"And about dress? The short skirt, and the divided skirt are what she believes in?"
"We must get in some cloth."
"We must make ourselves a dress each. A brand-new, enfranchised, emancipated dress, dear. Don't you see my plan? We shall act up to all Mrs. Westmacott's views in every respect, and improve them when we can. Then papa will know what it is to live with a woman who claims all her rights. Oh, Clara, it will be splendid."
Her milder sister sat speechless before so daring a scheme. "But it would be wrong, Ida!" she cried at last.
"Not a bit. It is to save him."
"I should not dare."
"Oh, yes, you would. Harold will help. Besides, what other plan have you?"
"I have none."
"Then you must take mine."
"Yes. Perhaps you are right. Well, we do it for a good motive.
"You will do it?"
"I do not see any other way."
"You dear good Clara! Now I will show you what you are to do. We must not begin too suddenly. It might excite suspicion."
"What would you do, then?"
"Tomorrow we must go to Mrs. Westmacott, and sit at her feet and learn all her views."
"What hypocrites we shall feel!"
"We shall be her newest and most enthusiastic converts. Oh, it will be such fun, Clara! Then we shall make our plans and send for what we want, and begin our new life."
"I do hope that we shall not have to keep it up long. It seems so cruel to dear papa.
"Cruel! To save him!"
"I wish I was sure that we were doing right. And yet what else can we do? Well, then, Ida, the die is cast, and we will call upon Mrs. Westmacott tomorrow.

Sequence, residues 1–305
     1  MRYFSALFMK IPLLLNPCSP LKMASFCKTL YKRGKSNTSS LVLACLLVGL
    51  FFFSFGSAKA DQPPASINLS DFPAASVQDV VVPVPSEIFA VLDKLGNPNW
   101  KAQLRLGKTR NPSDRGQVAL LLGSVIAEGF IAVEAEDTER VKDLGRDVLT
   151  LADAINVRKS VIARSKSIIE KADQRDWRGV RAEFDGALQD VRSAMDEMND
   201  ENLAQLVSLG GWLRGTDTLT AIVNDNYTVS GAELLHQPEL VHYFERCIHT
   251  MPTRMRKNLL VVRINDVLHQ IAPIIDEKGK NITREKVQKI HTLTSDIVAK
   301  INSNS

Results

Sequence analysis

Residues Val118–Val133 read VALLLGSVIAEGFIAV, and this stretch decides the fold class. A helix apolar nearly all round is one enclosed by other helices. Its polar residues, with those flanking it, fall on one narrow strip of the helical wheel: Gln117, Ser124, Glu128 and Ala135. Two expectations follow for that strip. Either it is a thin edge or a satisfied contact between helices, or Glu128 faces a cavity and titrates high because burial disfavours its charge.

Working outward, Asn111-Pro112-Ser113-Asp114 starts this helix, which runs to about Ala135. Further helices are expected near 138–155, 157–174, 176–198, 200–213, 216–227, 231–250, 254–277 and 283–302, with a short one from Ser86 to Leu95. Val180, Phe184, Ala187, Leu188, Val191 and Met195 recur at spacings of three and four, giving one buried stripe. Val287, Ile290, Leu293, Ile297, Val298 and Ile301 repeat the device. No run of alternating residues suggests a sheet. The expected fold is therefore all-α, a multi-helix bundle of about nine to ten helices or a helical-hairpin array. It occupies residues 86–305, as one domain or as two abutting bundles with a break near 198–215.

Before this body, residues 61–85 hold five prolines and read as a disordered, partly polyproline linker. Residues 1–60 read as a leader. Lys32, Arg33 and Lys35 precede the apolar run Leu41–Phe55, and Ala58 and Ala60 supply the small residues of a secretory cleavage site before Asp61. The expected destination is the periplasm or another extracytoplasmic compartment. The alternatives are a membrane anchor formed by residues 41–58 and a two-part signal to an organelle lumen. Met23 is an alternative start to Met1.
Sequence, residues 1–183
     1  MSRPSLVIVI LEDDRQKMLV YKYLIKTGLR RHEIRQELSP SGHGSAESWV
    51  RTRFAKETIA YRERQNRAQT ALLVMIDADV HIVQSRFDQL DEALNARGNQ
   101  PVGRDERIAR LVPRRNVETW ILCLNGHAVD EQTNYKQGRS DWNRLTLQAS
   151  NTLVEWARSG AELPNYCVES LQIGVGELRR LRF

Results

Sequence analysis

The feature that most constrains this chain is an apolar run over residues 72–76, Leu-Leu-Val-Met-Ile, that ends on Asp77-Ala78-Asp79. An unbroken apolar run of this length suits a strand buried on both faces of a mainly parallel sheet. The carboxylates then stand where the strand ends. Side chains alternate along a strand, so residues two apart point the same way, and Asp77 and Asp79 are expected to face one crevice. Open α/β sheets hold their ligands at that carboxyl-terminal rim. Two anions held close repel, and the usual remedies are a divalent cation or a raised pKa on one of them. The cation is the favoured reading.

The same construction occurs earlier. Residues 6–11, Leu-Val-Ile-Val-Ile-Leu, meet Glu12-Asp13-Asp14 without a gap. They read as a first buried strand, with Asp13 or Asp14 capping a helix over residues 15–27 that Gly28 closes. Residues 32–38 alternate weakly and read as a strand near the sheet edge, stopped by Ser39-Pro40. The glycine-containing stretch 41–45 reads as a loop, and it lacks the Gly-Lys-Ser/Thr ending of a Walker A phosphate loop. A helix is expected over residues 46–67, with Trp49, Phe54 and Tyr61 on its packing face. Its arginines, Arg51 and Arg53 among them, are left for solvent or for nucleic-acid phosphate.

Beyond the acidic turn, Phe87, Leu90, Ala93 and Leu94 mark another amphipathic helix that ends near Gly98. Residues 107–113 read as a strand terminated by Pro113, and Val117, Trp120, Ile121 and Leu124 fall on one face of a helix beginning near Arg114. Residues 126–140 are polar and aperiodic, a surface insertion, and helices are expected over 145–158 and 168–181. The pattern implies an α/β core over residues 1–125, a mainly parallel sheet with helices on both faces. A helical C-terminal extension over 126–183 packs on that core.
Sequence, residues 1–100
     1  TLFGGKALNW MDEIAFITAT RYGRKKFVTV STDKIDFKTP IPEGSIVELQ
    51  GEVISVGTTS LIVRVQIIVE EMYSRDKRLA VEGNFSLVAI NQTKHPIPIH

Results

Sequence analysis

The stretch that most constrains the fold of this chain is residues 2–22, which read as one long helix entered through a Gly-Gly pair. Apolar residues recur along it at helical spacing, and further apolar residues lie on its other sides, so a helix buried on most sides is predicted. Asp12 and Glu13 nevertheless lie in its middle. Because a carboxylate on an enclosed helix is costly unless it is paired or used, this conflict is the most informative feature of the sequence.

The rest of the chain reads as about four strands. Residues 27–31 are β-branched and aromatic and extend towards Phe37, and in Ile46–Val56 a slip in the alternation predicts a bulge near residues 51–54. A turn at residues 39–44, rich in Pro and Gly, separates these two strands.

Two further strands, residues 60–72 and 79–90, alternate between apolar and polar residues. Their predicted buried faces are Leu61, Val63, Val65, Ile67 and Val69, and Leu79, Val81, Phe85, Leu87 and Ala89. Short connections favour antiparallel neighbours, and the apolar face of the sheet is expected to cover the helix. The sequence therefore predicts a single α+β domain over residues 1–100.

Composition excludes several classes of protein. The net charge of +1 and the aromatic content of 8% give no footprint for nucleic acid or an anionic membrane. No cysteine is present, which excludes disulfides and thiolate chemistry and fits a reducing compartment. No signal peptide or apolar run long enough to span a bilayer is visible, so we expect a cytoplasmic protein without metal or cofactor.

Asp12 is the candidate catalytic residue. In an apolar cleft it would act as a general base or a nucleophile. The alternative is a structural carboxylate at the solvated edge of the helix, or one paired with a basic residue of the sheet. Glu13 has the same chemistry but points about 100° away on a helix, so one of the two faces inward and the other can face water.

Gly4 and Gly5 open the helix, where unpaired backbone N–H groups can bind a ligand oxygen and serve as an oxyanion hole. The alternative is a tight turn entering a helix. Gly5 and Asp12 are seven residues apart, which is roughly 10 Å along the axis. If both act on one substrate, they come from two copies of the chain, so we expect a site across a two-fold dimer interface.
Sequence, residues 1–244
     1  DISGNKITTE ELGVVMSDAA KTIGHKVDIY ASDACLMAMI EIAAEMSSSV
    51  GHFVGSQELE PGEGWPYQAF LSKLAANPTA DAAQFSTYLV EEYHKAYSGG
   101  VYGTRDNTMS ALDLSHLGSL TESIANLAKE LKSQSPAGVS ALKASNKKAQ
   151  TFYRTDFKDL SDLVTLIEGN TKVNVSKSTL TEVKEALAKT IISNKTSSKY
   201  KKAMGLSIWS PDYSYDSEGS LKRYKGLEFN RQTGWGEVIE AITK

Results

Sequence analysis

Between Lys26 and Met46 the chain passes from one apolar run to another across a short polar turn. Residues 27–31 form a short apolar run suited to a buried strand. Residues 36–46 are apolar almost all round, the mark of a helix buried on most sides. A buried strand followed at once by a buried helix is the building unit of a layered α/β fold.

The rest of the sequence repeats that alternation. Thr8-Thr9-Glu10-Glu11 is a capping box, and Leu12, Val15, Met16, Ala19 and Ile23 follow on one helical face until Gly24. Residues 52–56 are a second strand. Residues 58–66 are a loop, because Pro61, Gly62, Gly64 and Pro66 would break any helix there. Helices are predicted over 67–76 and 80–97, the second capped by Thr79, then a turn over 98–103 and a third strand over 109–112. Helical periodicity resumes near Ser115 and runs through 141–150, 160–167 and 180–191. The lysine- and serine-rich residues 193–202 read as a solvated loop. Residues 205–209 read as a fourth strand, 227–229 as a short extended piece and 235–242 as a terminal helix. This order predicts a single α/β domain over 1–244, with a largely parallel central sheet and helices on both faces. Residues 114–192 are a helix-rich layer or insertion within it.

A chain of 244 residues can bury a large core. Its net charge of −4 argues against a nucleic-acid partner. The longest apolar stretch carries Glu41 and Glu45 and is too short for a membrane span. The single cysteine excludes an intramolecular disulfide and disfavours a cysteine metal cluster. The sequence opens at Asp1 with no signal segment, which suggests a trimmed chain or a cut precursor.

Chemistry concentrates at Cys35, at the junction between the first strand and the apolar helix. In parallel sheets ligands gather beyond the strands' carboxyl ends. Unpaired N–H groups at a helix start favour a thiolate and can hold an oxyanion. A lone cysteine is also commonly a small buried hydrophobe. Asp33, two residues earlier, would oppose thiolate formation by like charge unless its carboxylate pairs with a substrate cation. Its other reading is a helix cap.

Chapter 9 – A Family Plot
Little did poor Doctor Walker imagine as he sat at his breakfast-table next morning that the two sweet girls who sat on either side of him were deep in a conspiracy, and that he, munching innocently at his muffins, was the victim against whom their wiles were planned. Patiently they waited until at last their opening came.
"It is a beautiful day," he remarked. "It will do for Mrs. Westmacott. She was thinking of having a spin upon the tricycle."
"Then we must call early. We both intended to see her after breakfast."
"Oh, indeed!" The Doctor looked pleased.
"You know, pa," said Ida, "it seems to us that we really have a very great advantage in having Mrs. Westmacott living so near."
"Why so, dear?"
"Well, because she is so advanced, you know. If we only study her ways we may advance ourselves also."
"I think I have heard you say, papa," Clara remarked, "that she is the type of the woman of the future."
"I am very pleased to hear you speak so sensibly, my dears. I certainly think that she is a woman whom you may very well take as your model. The more intimate you are with her the better pleased I shall be."
"Then that is settled," said Clara demurely, and the talk drifted to other matters.
All the morning the two girls sat extracting from Mrs. Westmacott her most extreme view as to the duty of the one sex and the tyranny of the other. Absolute equality, even in details, was her ideal. Enough of the parrot cry of unwomanly and unmaidenly. It had been invented by man to scare woman away when she poached too nearly upon his precious preserves. Every woman should be independent. Every woman should learn a trade. It was their duty to push in where they were least welcome. Then they were martyrs to the cause, and pioneers to their weaker sisters. Why should the wash-tub, the needle, and the housekeeper's book be eternally theirs? Might they not reach higher, to the consulting-room, to the bench, and even to the pulpit? Mrs. Westmacott sacrificed her tricycle ride in her eagerness over her pet subject, and her two fair disciples drank in every word, and noted every suggestion for future use. That afternoon they went shopping in London, and before evening strange packages began to be handed in at the Doctor's door. The plot was ripe for execution, and one of the conspirators was merry and jubilant, while the other was very nervous and troubled.